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Types of Healthcare Fraud and Criminal Ramifications

Types of Healthcare Fraud and Criminal Ramifications

Healthcare fraud is a prevalent crime. Federal healthcare fraud involves fraudulent conduct with respect to any federal healthcare program or plan that provides health benefits to an individual. The plan or program is funded by the United States either directly or by way of a state healthcare fund.

Healthcare Fraud

Healthcare fraud involves either a healthcare provider or individual's attempt to defraud the federal government with respect to the receipt of healthcare payment or benefits. If one is charged with healthcare fraud the prosecution must show that:

  • The fraud was knowingly or willfully executed.
  • A scheme existed to defraud the federal government.
  • The intent of the scheme was either to gain payment for services or property through false representations.

If one is convicted of healthcare fraud, he or she may be fined up to $25,000, may be sentenced to up to ten years in prison, or both. If the defendant's conduct resulted in seriously bodily injury, the defendant may be sentenced to up to 20 years in prison.


Kickbacks of any sort are prohibited. The applicable federal statute provides that any individual, who knowingly or willfully receives or solicits cash or any other type of property as a kickback, may be guilty of healthcare fraud. The specific elements of the offense include:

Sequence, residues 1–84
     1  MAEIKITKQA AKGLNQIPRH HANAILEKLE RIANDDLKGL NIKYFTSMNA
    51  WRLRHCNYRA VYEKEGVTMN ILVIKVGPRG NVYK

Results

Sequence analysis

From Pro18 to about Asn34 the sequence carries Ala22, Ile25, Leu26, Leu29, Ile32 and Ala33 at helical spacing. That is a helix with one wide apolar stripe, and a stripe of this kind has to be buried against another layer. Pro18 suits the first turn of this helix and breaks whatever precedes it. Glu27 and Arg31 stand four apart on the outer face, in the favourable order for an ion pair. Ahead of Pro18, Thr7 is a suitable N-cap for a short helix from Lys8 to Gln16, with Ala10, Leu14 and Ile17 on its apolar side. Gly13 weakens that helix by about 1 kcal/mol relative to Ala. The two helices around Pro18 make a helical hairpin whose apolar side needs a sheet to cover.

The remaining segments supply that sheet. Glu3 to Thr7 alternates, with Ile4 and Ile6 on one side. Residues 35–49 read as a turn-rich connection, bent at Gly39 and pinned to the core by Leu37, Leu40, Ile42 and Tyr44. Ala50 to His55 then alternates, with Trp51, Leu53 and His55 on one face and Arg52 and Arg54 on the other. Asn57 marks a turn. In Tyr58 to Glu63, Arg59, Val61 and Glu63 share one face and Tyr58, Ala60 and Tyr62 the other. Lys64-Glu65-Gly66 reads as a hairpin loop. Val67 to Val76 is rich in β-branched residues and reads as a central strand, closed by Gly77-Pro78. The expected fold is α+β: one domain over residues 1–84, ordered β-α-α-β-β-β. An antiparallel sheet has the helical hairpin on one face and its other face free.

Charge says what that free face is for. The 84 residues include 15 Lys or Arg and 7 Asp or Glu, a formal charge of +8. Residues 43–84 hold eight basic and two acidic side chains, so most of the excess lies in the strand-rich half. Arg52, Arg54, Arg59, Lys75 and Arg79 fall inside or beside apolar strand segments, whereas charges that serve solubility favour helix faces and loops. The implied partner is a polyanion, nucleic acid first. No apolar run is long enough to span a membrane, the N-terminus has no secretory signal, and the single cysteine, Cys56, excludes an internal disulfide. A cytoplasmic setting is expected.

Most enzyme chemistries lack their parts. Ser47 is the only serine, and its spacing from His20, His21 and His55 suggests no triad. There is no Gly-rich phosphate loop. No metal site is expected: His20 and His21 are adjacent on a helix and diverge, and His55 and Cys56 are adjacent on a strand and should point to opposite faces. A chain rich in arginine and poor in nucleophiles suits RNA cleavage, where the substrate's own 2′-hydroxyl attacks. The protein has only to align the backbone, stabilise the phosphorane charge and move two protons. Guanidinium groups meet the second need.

• Knowing and willful action on the part of the defendant.
  • Solicitation or receipt of payment for remuneration.
  • The kickback is done in exchange for services provided.

False Statements

If a healthcare provider or individual gives false statements with respect to the application of healthcare benefits or payments under any federal health care programs, healthcare fraud may have resulted.

Depending upon the facts of any given case, the prosecution must show that the provider or individual:

  • Made or caused to be made false statements in applying for federal healthcare benefits.
  • Concealed anything that may have affected an individual's initial or continued right to receive a benefit or payment.
  • The individual or provider had the intent to defraud the federal government.
  • If applicable, that the provider attempted to convert a benefit or payment to use other than for the use or benefit of the individual for which it was intended.
  • Presented a claim for a doctor's services when a licensed physician does not furnish the service.

If an individual is convicted of making false statements, he may be sentenced up to five years imprisonment; he may be fined up to $25,000, or both.

Theft or Embezzlement

If the healthcare provider or individual defendant embezzles or misapplies any assets of any healthcare program, the defendant may be charged with theft or embezzlement. If the offense involves an amount of less than $ 100, the defendant may be fined, sentenced to one-year imprisonment, or both. If the offense involved an amount exceeding $100 and the defendant is convicted, the defendant may be fined, sentenced to not more than ten years in prison, or both.

Miscellaneous Charges

The healthcare provider or individual defendant may also be charged with mail or wire fraud or obstruction of a criminal investigation in conjunction with the underlying healthcare fraud charge. For a conviction of either of the above-mentioned offenses, the defendant may be fined, sentenced to up to five years in prison, or both.

Copyright 2014 LexisNexis, a division of Reed Elsevier Inc.

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